During-

– Focus. Listen and let the music speak for itself.

– Play everything with an exclamation point, not a question mark, as my professor Andrew HItz frequently says. In other words, be confident in what you’re playing whether its right or wrong, and don’t apologize for it.

– Confidence. You should have no doubt that you will be receiving emails and phone calls from the New York Philharmonic or CSO the next day asking for you to be their principal player of… This is an exaggeration of course but do be confident in what you can do. Just as important though, the second you walk off stage tuck that arrogance in your back pocket. Be modest, thankful and open to all comments, good or bad.

– Think ‘do’, not ‘don’t’. In other words, don’t think while playing “oh gosh here comes the worst part of this solo, I hope I don’t frack it”. Nonsense. Think “I’m going to play this part so well just like the other day”.

After- 

– Modesty. This is huge. Even if you are the best musician in the world, do not go on about how much you love yourself. If you have a great performance, the audience will tell you.

– Be respectful, courteous and grateful. Accept all comments with grace and poise. If someone is coming up to you to tell you how wonderful your tone is, don’t say “Yea it was alright, its usually better”. In essence, you are saying that they are wrong. You do not want to do this.

– Finally, move on. It may have been a circus-like frack fest, or a moving experience, but the only thing that matters for the progression of your musicianship is how your next performance will go.

For more performance technique and direction, I highly suggest visiting Jeff Nelsen’s page.

Guy doing yoga behind my tuba

Gene Pokorny Orchestral CD

For all those instrumentalists (or tubists specifically) who are discovering their sound or looking for someone to model after, I pass along the sound of Gene Pokorny. Principle Tubist of the Chicago Symphony, Gene Pokorny is a virtuoso of the tuba and a superb model for sound. In his album Orchestral Excerpts for Tuba, listeners can slowly see their jaws dropping to the floor as the run to the practice room. I need not say much more, simply enjoy Mr. Pokorny’s sound and take this as a tool for your practicing and inspiration for your own sound.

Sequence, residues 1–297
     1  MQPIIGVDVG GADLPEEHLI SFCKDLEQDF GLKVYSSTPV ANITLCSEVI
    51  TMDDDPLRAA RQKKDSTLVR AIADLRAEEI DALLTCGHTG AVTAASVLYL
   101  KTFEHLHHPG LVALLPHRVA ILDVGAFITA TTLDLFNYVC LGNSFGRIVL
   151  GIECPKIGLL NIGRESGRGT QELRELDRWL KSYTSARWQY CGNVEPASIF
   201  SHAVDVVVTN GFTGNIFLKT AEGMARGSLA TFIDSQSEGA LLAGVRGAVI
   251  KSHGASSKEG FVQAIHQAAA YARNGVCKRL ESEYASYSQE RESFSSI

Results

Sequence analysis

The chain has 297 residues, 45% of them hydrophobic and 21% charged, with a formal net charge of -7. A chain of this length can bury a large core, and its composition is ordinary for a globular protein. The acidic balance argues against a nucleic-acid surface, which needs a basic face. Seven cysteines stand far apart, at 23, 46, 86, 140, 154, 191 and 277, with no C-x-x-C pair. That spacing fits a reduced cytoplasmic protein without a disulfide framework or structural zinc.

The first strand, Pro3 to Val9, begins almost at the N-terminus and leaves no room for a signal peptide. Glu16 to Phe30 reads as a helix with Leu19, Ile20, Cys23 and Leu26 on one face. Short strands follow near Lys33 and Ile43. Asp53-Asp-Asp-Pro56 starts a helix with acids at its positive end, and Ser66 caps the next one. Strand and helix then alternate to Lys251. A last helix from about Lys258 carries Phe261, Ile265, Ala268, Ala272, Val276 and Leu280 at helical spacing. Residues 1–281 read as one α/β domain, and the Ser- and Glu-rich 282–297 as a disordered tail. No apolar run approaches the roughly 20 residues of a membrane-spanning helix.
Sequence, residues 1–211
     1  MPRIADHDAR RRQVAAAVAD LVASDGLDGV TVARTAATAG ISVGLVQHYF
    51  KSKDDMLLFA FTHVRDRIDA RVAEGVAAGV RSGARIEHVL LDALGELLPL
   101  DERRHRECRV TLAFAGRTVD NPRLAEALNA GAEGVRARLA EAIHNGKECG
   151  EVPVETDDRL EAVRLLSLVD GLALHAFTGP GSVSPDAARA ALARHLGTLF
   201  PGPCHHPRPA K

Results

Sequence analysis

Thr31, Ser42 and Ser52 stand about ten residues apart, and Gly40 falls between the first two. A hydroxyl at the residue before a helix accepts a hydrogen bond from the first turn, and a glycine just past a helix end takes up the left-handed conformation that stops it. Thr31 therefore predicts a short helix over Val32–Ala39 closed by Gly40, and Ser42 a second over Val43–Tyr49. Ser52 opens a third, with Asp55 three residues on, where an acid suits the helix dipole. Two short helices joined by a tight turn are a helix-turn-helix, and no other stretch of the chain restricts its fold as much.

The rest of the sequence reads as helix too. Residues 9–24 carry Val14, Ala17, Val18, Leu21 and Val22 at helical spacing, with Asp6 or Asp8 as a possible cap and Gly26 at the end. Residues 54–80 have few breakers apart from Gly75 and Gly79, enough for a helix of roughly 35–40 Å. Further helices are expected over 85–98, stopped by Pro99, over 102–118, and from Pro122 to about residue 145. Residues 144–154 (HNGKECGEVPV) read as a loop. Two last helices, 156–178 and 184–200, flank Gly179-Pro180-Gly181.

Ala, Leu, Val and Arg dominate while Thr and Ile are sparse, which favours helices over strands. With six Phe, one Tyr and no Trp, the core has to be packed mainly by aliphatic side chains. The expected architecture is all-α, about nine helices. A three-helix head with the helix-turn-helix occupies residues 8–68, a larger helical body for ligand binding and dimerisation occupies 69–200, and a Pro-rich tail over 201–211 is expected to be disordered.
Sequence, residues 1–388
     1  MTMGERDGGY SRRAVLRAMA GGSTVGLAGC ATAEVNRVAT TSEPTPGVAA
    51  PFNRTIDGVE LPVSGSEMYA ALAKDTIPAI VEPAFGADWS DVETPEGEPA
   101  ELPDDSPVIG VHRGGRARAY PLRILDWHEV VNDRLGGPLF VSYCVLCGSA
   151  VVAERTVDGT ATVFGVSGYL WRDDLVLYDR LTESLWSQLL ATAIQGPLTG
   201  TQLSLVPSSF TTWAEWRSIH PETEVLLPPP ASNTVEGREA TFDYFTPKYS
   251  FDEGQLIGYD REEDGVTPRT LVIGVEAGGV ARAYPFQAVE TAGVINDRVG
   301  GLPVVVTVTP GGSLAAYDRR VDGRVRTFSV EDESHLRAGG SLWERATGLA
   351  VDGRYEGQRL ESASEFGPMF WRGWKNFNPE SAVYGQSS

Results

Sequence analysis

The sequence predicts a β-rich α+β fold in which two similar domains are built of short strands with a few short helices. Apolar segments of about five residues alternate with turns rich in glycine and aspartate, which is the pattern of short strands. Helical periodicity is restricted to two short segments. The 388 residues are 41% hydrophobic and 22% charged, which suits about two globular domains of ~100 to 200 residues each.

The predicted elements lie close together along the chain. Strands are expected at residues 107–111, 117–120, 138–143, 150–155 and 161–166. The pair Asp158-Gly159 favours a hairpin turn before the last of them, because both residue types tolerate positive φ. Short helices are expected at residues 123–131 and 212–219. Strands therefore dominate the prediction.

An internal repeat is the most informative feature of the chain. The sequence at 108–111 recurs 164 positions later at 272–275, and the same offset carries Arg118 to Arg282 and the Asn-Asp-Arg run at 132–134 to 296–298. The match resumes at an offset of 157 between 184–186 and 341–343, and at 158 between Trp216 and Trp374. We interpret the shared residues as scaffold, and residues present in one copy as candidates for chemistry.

Lastly, to accompany this album, I recommend the Encore Publishing book entitled The One Hundred, containing essential excerpts and suggestions as to how to play these classic pieces.

Gene Pokorny- Orchestral Excerpts for Tuba

The One Hundred

 

Finally Written!

 

Deliberate Practice

Hello All!

Being my first blog post, I will start slow. I used to think that more hours in the practice room meant more improvement. However, not everything is symmetrical and we can end up doing much more “work” for the same result. This is when I learned about the concept of Deliberate Practice: a practice tool, psychological theory, and immense help to our studies. I have attached a link to the website Study Hacks (another great resource for simplifying success) that explains this concept much more eloquently than I can.

Some of the main themes I took from this are as follows:

Playing is not Practicing

Deliberate Practice is very focused, methodical, and planned

Work hardest on your weaknesses

“…busyness and exhaustion should be your enemy”

Do less. But do what you do with complete and hard focus. Then when you’re done be done, and go enjoy the rest of the day.”

 

http://calnewport.com/blog/2011/11/11/if-youre-busy-youre-doing-something-wrong-the-surprisingly-relaxed-lives-of-elite-achievers/